Each week we carefully curate a collection of poems that resonate with the lectionary readings for that week (Narrative Lectionary and Revised Common Lectionary).
*** Revised Common Lectionary ***
Lectionary Reading: Matthew 20:1-16
At the eleventh hour he came,
But his wages were the same
As ours who all day long had trod
The wine-press of the Wrath of God.
When he shouldered through the lines
Of our cropped and mangled vines,
His unjaded eye could scan
How each hour had marked its man.
(Children of the morning-tide
With the hosts of noon had died,
And our noon contingents lay
Dead with twilight’s spent array.)
Since his back had felt no load ,
Virtue still in him abode;
So he swiftly made his own
Those last spoils we had not won.
We went home, delivered thence,
Grudging him no recompense
Till he portioned praise or blame
To our works before he came.
Till he showed us for our good–
Deaf to mirth, and blind to scorn–
How we might have best withstood
Burdens that he had not born!
*** This poem is in the public domain,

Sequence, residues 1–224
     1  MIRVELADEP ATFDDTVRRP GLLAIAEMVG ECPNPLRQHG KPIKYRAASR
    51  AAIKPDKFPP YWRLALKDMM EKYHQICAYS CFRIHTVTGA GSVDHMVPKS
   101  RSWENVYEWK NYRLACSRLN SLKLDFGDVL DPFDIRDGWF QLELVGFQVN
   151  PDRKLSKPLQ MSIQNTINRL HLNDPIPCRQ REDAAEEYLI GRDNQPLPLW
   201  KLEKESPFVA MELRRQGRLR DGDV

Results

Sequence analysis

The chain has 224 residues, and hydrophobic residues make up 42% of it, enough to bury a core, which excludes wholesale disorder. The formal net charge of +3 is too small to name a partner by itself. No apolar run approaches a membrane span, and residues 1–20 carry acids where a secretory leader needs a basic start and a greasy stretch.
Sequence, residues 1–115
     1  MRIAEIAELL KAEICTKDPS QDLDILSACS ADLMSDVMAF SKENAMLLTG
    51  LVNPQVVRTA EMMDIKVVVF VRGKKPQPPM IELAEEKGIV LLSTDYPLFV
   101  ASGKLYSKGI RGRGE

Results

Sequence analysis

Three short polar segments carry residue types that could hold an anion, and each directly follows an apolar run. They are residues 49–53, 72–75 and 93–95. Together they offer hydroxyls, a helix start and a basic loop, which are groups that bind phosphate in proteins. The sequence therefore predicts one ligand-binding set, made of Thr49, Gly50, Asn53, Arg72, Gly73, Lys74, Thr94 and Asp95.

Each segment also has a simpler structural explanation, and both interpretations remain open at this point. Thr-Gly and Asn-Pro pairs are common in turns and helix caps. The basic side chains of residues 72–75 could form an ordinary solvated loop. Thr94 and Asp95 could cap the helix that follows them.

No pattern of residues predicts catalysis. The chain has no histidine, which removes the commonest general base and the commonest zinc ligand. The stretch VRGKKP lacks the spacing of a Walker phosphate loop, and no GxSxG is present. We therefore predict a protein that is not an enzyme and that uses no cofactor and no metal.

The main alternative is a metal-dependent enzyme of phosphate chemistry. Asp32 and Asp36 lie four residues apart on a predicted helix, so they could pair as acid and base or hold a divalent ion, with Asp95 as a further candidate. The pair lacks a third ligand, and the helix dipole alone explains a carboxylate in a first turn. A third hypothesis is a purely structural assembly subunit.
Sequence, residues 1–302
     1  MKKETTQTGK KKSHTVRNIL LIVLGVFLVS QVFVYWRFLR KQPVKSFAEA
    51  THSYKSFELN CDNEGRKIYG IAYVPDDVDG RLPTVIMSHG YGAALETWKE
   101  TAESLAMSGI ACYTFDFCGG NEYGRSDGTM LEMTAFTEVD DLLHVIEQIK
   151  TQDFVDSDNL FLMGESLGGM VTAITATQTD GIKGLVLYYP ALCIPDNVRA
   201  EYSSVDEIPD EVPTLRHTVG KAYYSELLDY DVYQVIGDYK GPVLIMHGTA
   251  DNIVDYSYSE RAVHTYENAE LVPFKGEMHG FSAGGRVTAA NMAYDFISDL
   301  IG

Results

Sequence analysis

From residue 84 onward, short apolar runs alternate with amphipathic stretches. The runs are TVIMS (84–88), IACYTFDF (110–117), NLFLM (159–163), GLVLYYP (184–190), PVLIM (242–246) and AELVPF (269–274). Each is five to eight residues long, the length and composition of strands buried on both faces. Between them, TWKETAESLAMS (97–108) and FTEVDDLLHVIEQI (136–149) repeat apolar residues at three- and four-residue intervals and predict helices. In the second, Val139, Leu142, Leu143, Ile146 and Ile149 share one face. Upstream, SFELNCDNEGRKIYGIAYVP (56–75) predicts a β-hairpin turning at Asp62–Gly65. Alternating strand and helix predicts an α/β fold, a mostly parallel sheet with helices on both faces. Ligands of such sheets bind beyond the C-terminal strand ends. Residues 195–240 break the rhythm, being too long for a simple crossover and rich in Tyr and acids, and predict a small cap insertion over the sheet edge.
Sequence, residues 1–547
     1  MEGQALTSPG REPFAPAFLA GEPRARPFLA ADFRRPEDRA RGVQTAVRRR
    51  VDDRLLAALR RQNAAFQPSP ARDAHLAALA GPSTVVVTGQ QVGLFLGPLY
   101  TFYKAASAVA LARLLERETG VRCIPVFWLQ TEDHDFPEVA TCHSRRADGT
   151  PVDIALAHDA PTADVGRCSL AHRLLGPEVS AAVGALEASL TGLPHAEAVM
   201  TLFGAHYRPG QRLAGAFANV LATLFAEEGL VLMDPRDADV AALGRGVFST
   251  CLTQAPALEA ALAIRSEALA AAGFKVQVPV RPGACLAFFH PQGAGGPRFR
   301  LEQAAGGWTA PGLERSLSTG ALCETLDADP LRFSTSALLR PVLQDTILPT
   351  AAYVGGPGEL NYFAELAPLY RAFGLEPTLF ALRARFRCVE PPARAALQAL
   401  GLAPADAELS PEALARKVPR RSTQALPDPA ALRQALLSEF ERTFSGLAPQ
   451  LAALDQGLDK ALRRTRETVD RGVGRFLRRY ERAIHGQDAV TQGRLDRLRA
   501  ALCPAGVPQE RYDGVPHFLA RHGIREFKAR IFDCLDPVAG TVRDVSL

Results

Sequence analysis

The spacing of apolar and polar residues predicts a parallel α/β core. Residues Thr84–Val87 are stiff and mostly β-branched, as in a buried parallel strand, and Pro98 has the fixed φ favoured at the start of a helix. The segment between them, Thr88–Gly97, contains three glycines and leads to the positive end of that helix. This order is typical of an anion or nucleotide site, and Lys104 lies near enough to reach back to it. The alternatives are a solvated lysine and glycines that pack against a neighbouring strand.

and may be read in a live-streamed worship service.
The Outstretched Earth
Do you know what whole fields are?
They are fields with a dog and a moon.
C. Christopher Smith is the founding editor of The Englewood Review of Books. He is also author of a number of books, including most recently How the Body of Christ Talks: Recovering the Practice of Conversation in the Church (Brazos Press, 2019). Connect with him online at: C-Christopher-Smith.com
Reading for the Common Good
From ERB Editor Christopher Smith
"This book will inspire, motivate and challenge anyone who cares a whit about the written word, the world of ideas, the shape of our communities and the life of the church."
-Karen Swallow Prior
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